I've gone on a while now without mentioning Paul Rudd. There's always a danger bringing a big actor onto a quaint show like this, in that the guest star can be too much of a distraction. Rudd, however, has such an unassuming (and in this case, moronic) everyman quality to him that I found him to be an outstanding addition to this episode. His entire performance was so monochromatically self-entitled; I noticed upon rewatching that as he takes the podium in the cold open he says "Thanks, guy!" with boyish glee to the campaign speaker who introduced him. Of course Bobby Newport doesn't know the names of his own campaign (Sorry, campleasure) staff. I really look forward to watching this character in future episodes.
Speaking of which, I found the campleasure moment to be out of character for Leslie. She cringes as if she recognizes just how terrible a joke Newport just made, but it's just the sort of terrible pun I could see Leslie herself making while onlookers grimaced. By the end of the episode, Bobby Newport seems like such a bonehead that he's probably capable of much worse quips.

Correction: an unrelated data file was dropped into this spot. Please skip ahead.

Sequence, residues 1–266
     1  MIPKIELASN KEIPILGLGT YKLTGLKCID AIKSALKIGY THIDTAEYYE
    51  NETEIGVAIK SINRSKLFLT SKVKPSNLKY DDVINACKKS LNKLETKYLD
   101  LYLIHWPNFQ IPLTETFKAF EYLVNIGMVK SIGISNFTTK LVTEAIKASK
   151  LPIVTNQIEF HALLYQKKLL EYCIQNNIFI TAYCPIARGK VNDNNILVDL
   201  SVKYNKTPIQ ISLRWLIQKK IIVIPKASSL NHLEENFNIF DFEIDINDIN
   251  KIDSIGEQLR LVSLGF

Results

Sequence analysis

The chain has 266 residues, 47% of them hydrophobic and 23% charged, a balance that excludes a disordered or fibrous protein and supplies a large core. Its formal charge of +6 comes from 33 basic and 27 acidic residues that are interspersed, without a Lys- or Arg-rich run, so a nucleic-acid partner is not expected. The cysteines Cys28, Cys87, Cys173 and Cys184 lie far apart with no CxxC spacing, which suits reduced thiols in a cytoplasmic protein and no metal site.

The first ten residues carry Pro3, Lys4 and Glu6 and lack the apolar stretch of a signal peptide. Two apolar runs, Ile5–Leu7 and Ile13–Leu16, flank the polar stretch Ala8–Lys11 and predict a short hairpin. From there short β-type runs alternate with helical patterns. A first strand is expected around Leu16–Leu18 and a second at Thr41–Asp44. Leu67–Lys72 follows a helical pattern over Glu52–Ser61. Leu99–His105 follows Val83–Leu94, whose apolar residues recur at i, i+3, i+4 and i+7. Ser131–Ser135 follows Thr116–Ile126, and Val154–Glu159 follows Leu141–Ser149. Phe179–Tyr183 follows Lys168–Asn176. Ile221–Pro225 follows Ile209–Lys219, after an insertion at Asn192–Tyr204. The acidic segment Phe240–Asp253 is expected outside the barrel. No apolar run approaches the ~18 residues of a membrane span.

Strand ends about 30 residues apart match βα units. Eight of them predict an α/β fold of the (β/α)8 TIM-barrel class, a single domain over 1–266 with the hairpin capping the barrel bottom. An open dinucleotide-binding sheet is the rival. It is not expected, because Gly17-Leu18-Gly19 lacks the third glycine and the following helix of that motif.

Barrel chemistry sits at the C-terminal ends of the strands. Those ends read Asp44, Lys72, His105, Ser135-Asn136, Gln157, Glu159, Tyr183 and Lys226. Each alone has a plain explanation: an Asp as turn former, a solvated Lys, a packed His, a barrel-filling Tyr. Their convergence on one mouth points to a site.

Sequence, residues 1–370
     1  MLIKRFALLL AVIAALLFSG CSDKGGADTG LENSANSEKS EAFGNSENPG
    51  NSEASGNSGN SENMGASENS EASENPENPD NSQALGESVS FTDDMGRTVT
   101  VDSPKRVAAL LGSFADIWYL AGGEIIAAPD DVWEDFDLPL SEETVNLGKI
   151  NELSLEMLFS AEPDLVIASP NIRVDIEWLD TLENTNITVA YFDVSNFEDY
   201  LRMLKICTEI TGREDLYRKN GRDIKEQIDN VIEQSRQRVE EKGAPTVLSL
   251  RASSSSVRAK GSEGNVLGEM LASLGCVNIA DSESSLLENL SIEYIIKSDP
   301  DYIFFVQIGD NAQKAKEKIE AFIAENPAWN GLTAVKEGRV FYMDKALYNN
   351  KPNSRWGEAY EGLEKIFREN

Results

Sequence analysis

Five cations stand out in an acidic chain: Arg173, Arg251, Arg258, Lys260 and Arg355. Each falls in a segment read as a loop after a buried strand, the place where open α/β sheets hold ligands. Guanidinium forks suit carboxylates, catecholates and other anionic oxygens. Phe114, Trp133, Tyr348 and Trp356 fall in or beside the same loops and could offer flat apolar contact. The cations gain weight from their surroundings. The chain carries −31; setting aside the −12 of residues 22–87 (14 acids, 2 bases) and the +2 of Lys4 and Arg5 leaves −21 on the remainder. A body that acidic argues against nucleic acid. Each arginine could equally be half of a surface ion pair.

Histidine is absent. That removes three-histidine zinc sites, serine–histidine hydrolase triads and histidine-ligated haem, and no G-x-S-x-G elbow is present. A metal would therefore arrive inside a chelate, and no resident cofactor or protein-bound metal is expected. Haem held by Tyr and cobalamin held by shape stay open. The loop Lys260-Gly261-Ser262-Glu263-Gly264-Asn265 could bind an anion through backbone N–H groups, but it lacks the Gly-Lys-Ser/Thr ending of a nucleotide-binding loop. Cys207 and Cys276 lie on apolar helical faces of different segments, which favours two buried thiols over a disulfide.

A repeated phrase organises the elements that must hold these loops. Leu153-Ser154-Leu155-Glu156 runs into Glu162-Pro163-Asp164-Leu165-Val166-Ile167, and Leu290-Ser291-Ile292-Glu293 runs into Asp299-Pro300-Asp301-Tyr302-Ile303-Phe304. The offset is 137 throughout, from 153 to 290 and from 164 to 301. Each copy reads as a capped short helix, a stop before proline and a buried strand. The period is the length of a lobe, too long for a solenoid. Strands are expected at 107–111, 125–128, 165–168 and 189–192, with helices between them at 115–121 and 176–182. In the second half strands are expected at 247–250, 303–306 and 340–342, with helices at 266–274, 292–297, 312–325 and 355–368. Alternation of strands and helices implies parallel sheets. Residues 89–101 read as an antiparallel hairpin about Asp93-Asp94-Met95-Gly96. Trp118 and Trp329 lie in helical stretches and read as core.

Unfortunately that wasn't the only out of character moment of the night. Let me just take a moment to ask: What has happened to Tom Haverford? Ever since the episode where he had to come to terms with being back in the Parks department, he's been either absent or forgettable, and tonight he was peculiarly un-Tom. His entire theory about kissing up to Leslie and Ben (because he bets on every horse) lacked motivation. In the past Tom has always been extremely candid, even rude to his superiors. Why was he holding back now? I would expect the Tom of the past to be the first person to shoot down Leslie's abysmal campaign ad, for example.
The reason his kiss-ass approach is so out of the blue is that for him nothing is actually at stake. No matter whose campaign video wins, he still has the same role at the office and in the campaign. If there had actually been some sort of significant power struggle occurring I could understand Tom taking care not to curry favor with the wrong party, but this plot felt extraneous, as if the writers had no idea what to do with Tom. This is a shame, because Aziz Ansari has been such a dependable player in the past.